Combustion Optimization

Refinery & Petrochemical Bulletin for heat treating companies concerning carbon and oxygen probes in process heaters:


In any combustion reaction, theoretically there is a required volume of oxygen to react with a given amount of fuel. Typical combustion systems mix a fuel, such as natural gas or oil, with air. Unfortunately air contains only 20.9% oxygen. The remaining 79.1% consists of nitrogen and other gases that are not required for combustion. These detract from the combustion process by having to be heated and causing lower efficiency.

A combustion process may be run with high levels of excess air. However, this wasted fuel contributes to pollution and causes quality defects. On the other hand, running at too low a level of excess air will create problems at the other end of the spectrum. Insufficient oxygen causes raw fuel to flow up the stack. This situation creates waste and air pollution, damages the refractory and metal parts, and contributes to quality defects. In most combustion processes, it is safest running with excess oxygen. The level of waste is about twice as high on the fuel rich side of stoichiometric combustion as it is on the fuel lean side. Therefore, it is best to run with slightly excess oxygen to ensure against the possibility of the more wasteful, reducing conditions.

The objective of the chemical industry today is to lower emissions while increasing a plant's performance. Burner tuning is an essential element in this strategy. Accurate control of combustion air and fuel ensures the proper ratios that yield more complete and stable combustion. This achieves a cost effective NOx emissions control and allows the plant to become a fuel efficient, low cost producer.


"Measure where it matters!"
There are two major types of oxygen analyzers found in the chemical industry: low temperature, sampling types (extractive) and high temperature in-situ sensors. Both types work in furnaces but excessive maintenance limits the usefulness and reliability of the extractive units. Maintenance is required because the temperatures and process components combine to produce a very destructive environment for any equipment. Heaters, pumps, sample lines, and cells require continuous attention. Regular calibration services are a must. The filter system of the pumps must be cleaned periodically due to moisture in the hot gases.

The introduction of the high temperature in-situ oxygen sensor has virtually eliminated these problems. In-situ oxygen sensors do not require pumps, heaters, filter systems, calibration, etc. The sensor must be located in the furnace where the combustion is complete. The preferred locations include the combustion chamber. Proper installation of the sensor will insure its performance.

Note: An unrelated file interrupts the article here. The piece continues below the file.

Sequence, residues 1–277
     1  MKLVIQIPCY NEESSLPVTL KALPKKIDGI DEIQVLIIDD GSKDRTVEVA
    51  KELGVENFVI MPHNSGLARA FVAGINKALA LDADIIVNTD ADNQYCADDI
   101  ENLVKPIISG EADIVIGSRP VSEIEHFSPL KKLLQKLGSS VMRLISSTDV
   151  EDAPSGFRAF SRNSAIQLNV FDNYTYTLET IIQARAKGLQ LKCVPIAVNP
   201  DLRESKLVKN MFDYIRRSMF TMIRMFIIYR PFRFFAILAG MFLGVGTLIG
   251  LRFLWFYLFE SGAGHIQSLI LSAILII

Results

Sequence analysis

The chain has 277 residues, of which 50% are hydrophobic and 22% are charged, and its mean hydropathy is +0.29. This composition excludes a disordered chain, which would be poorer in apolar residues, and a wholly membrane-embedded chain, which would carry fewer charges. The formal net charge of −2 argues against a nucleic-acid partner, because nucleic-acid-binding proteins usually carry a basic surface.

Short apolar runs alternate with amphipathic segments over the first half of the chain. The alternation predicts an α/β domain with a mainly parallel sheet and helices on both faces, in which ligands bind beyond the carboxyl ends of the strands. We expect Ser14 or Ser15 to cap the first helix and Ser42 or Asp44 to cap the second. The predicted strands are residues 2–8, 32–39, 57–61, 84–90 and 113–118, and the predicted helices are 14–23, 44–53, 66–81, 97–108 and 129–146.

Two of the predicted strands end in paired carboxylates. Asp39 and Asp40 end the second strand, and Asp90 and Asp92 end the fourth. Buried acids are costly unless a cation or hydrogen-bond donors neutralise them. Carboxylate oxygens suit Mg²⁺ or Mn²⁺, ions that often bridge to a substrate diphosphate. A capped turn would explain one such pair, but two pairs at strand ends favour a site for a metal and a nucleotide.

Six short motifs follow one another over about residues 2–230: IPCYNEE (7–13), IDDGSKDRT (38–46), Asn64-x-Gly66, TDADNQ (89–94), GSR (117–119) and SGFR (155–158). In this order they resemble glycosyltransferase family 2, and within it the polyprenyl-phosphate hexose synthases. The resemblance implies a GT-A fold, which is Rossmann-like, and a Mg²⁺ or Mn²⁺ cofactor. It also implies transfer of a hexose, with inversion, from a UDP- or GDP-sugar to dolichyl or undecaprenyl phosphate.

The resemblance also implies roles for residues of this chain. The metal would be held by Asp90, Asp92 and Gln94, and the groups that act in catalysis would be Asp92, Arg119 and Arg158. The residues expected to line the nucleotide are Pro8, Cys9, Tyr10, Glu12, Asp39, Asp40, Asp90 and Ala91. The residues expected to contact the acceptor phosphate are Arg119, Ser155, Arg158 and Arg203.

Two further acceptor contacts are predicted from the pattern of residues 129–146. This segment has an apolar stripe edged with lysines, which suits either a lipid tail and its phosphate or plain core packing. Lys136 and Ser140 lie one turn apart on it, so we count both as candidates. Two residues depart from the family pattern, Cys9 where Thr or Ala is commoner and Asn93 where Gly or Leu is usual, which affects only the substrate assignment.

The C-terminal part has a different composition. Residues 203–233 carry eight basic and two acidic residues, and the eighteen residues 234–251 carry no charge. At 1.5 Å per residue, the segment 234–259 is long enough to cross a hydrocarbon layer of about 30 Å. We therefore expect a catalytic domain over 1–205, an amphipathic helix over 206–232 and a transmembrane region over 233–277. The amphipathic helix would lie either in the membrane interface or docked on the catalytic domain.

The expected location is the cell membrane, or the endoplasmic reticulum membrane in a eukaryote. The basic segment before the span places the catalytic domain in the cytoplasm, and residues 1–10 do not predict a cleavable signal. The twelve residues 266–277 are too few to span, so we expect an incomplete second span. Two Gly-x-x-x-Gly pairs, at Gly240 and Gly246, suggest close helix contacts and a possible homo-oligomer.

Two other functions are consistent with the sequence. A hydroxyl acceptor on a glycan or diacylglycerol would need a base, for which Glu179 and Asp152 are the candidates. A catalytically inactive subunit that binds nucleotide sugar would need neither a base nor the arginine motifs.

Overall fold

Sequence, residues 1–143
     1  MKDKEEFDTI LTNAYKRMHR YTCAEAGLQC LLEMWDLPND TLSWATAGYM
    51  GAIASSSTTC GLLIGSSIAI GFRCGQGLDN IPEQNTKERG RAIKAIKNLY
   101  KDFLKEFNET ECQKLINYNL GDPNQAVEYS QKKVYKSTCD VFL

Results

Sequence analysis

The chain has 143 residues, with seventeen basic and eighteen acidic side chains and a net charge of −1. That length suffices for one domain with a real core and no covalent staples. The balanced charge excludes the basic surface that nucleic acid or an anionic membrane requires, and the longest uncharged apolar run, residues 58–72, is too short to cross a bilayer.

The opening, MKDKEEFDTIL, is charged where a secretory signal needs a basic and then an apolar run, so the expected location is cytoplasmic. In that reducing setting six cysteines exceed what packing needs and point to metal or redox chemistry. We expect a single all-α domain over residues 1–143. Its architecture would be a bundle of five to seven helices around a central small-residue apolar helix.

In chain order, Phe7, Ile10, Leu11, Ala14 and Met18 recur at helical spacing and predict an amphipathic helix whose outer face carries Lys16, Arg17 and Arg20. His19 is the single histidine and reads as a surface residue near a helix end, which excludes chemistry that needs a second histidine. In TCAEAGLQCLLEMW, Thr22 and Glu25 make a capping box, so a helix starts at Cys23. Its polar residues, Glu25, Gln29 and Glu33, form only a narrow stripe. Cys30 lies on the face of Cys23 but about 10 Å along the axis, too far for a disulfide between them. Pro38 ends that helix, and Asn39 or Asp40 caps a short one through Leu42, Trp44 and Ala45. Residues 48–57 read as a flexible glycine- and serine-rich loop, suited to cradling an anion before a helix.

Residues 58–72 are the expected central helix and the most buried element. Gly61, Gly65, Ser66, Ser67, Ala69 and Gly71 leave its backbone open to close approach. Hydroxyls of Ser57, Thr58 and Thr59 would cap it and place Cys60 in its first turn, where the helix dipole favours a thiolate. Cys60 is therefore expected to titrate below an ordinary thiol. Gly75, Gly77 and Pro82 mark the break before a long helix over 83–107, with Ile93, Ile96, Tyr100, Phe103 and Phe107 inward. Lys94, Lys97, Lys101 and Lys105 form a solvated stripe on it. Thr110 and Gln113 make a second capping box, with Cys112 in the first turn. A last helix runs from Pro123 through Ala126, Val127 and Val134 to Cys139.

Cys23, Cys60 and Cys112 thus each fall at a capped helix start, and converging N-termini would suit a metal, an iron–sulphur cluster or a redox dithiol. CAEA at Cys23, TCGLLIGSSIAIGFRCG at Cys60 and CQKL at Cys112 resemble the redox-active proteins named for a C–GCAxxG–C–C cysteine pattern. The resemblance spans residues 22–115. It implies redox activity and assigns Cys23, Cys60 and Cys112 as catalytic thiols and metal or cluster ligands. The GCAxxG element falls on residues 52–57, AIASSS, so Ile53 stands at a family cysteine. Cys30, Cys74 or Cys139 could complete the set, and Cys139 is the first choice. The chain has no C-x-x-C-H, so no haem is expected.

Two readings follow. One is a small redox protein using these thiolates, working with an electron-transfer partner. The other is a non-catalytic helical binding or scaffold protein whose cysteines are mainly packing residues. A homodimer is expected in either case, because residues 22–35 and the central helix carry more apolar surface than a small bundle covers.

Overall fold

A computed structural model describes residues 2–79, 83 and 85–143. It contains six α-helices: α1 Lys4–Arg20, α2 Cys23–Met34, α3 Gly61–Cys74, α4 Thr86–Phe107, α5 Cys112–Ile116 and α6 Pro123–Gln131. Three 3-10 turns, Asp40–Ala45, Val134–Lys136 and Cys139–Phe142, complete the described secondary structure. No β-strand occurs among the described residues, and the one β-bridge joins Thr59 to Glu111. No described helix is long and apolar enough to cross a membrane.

By using multiple sensors, operations will be able to divide the combustion section into zones for burner balancing and tuning. This will pinpoint problem areas in the furnace and help to eliminate hot spots. Man-hours are reduced as a result of no calibration requirements, taking measurements with a sample system, or general maintenance. Continuous oxygen monitoring will improve the consistency of product quality and reduce maintenance costs by highlighting faults and burner imbalance.


"Become a low cost, highly efficient chemical producer."
The cost of sensors is generally very low compared to the operating expense of the process furnace. Fuel savings are established by using a well-accepted rule of thumb from burner manufacturers. Above 1500şF, approximately 1.0 to 2.0% in fuel will be saved for every 1% reduction in excess oxygen. Generally, savings of 1 - 3% in fuel costs can be expected. Continuous excess oxygen measurement will provide a tighter, more responsive air/fuel ratio to be maintained. The result is more consistent quality.

Burner tuning is an essential element of the Chemical Strategy. Burner balancing is an important piece of the puzzle. Balanced oxygen levels reduce excess air requirements, excess NOx emissions, and hot spots. Reducing conditions are controlled to preserve the furnace refractory and metal parts. Air pollution is also a big advantage of using sensors. NOx formation is influenced by exhaust temperature, fuel level, and excess oxygen. Lowering excess oxygen will lead to lower emissions.

The high temperature oxygen sensor has been established as dependable and simple to use. It is considered a good choice to insure consistent excess oxygen in the process furnace. With the uncertainty of the gas composition being delivered to a facility, it is essential to control the air/fuel ratio to minimize emissions, maximize fuel efficiency, and maintain the standard of quality required by the chemical industry.